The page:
On one system, though, it shows vulnerable with Vivaldi, but not with Chrome.  All systems have the latest Vivaldi version and are running the same security software.  On the problem system, the January update shows as installed, and the crypt32.dll file shows a new timestamp.  Don’t know why Vivaldi would be showing vulnerable on this one system.

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    • in reply to: I am up and Running! Version 1909 #2005407

      I’m definitely running 1909 (build 18363.476) per winver.  But the BuildLab string that is used for the version-on-desktop is “18362.19h1_release.190318-1202”.

      It’s not a great loss.  Years ago, the desktop version shown was very specific and easy to understand as a way to tell whether service packs had been installed.  But Windows 10 with all its versions and cumulative updates has made the desktop version string so cryptic that it’s now worthless to me.

    • in reply to: I am up and Running! Version 1909 #2005215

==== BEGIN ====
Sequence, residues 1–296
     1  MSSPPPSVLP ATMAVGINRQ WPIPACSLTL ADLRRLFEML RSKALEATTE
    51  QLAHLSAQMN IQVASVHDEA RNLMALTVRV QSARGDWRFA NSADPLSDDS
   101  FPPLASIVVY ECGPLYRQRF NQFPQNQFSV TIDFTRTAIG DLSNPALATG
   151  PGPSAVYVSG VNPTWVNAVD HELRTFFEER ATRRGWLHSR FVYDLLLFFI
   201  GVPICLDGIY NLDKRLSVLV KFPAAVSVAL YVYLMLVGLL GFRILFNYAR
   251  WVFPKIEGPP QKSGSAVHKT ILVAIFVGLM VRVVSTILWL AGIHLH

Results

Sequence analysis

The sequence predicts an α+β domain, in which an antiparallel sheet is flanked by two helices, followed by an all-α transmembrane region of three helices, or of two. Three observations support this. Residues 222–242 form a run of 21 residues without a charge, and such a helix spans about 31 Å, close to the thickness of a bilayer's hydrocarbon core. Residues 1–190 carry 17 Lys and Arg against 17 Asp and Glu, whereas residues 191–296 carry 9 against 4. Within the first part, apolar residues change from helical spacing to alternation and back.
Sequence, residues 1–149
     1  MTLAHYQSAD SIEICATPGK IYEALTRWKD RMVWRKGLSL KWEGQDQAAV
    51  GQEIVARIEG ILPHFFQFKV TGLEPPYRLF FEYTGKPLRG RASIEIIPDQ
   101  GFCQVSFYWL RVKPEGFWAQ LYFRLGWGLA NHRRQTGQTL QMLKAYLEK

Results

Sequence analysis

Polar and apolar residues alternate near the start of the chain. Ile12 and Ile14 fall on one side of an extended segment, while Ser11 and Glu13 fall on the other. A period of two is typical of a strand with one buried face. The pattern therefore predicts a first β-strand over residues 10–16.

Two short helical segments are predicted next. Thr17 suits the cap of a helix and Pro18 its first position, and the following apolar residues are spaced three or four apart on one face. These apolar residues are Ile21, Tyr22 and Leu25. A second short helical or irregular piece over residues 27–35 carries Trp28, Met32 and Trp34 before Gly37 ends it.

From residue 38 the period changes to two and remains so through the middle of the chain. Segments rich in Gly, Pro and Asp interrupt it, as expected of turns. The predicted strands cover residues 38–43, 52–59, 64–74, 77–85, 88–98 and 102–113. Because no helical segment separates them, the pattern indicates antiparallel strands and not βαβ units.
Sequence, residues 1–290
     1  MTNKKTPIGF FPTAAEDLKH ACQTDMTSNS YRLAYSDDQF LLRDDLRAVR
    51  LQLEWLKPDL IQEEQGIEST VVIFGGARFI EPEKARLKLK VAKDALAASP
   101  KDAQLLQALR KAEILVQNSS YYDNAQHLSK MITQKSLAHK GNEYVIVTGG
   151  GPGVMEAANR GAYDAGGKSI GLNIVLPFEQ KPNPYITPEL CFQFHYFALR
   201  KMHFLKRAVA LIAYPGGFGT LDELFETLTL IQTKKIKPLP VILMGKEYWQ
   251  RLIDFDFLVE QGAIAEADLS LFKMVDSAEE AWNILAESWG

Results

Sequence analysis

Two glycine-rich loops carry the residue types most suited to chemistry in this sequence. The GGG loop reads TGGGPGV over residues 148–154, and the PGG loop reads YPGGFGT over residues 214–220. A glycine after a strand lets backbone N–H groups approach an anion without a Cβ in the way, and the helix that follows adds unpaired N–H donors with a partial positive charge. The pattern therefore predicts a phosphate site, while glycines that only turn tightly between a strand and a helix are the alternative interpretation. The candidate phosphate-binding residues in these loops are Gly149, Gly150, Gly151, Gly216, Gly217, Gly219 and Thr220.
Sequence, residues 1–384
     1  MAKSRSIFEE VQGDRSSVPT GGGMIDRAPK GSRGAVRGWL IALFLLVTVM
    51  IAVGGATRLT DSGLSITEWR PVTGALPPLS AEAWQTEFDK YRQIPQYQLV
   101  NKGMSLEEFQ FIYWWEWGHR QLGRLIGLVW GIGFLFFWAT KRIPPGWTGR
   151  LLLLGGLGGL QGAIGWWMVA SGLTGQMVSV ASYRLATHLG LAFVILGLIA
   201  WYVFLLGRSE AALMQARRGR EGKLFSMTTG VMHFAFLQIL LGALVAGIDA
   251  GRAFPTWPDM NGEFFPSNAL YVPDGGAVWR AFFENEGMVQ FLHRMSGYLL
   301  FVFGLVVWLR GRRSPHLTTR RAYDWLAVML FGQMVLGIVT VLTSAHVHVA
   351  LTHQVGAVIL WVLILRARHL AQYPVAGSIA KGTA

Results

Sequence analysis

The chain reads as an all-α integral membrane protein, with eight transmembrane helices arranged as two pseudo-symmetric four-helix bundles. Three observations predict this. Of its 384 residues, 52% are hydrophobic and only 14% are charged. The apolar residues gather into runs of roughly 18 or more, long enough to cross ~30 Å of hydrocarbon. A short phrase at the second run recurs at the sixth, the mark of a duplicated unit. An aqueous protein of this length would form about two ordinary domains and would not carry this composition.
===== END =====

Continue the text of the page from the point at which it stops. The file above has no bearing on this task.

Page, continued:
My upgrades went without incident as well.  In addition to the install date issue, there’s another quirk.  I use the registry tweak to show the Windows version on the desktop, which gets its value from

      HKLM\SOFTWARE\Microsoft\Windows NT\CurrentVersion\BuildLab

      The 1909 upgrade didn’t update this value for some reason, so the version shown on the desktop is still 1903.  System info shows 1909.  Maybe the “version number on desktop” feature has reached end-of-life.


    • in reply to: Where we stand with the Cortana/Search redlining bug #1936115

      That’s at least twice that you have used the phrase “broke VB”, Woody.  That’s misleading.  Apps written in VB.net, which debuted in 2002 or so, work just fine.

      The problem is with apps written with VB6, which was declared “legacy” over 10 years ago.  I’m sure you know that, so I don’t understand why you’re spreading fud about vb in general.

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    Viewing 15 replies - 1 through 15 (of 20 total)